Wild orchids, fish, reptiles and giant eels have been given new homes thanks to Network Rail following the start of its works on behalf of Crossrail in the Stockley Junction area in West London.
Before work began on the Stockley Interchange in late March, which will allow Crossrail services to operate to and from Heathrow Airport, ecological surveys had identified ‘locations of protected and invasive fauna’.
An initial relocation of reptiles and amphibians took place in advance of the construction works to avoid delays to the project.
Then, as construction began, the rescue operation really kicked into gear as Network Rail, together with contractor Carillion, aquatic consultants and the Environment Agency, cleared and lowered nearby Anderson Pond.
It was then electro-fished, a technique which temporarily stuns fish, allowing them to be surveyed and returned to the water unharmed.
A total of 599 fish were safely caught and relocated to a new home. Species found included tench, roach, rudd and bream, all of which were held in an aerated tank to recover before their relocation to Pondwood Fisheries near Maidenhead.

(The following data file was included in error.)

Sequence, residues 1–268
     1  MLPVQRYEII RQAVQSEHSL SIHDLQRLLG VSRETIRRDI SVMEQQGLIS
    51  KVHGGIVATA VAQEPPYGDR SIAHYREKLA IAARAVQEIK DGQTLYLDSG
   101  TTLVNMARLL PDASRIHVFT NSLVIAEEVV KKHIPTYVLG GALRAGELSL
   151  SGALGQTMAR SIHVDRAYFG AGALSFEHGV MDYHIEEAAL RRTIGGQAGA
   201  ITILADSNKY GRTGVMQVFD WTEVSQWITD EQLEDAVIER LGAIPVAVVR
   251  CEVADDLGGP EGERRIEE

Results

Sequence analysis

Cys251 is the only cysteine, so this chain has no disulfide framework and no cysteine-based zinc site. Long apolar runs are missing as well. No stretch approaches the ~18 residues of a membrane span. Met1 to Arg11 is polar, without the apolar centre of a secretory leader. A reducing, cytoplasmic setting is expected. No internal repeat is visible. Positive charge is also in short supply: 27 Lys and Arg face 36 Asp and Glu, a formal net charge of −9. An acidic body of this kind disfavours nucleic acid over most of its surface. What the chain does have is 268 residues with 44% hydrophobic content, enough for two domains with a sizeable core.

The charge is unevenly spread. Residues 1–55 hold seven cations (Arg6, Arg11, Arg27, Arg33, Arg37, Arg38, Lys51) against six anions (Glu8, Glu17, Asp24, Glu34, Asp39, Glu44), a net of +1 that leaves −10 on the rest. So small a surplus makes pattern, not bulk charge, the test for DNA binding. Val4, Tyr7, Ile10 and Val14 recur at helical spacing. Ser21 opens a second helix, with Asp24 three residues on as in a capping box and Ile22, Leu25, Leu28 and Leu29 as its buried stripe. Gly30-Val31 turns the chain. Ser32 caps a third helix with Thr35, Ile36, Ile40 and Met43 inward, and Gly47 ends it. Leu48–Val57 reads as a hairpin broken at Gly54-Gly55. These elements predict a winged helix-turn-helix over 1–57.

The real catch of the day, however, was a European eel, which is a critically endangered species. It weighed an exceptional 5lbs and came in at 3ft long. It takes about 10 years for an eel to put on a pound so this one could have been 50 years old, Network Rail said.
Meanwhile, 30 wild orchids were saved and relocated to similar habitat at Maple Lodge Nature Reserve.
Courtesy of the Maple Lodge Conservation Society, Network Rail moved the plants to their new home in Hertfordshire where they can be protected but also enjoyed by the public.
This work was preceded by relocating 46 protected slow-worms, 593 newts and five frogs from the Stockley area to new homes in August last year, following consultation with the London Borough of Hillingdon.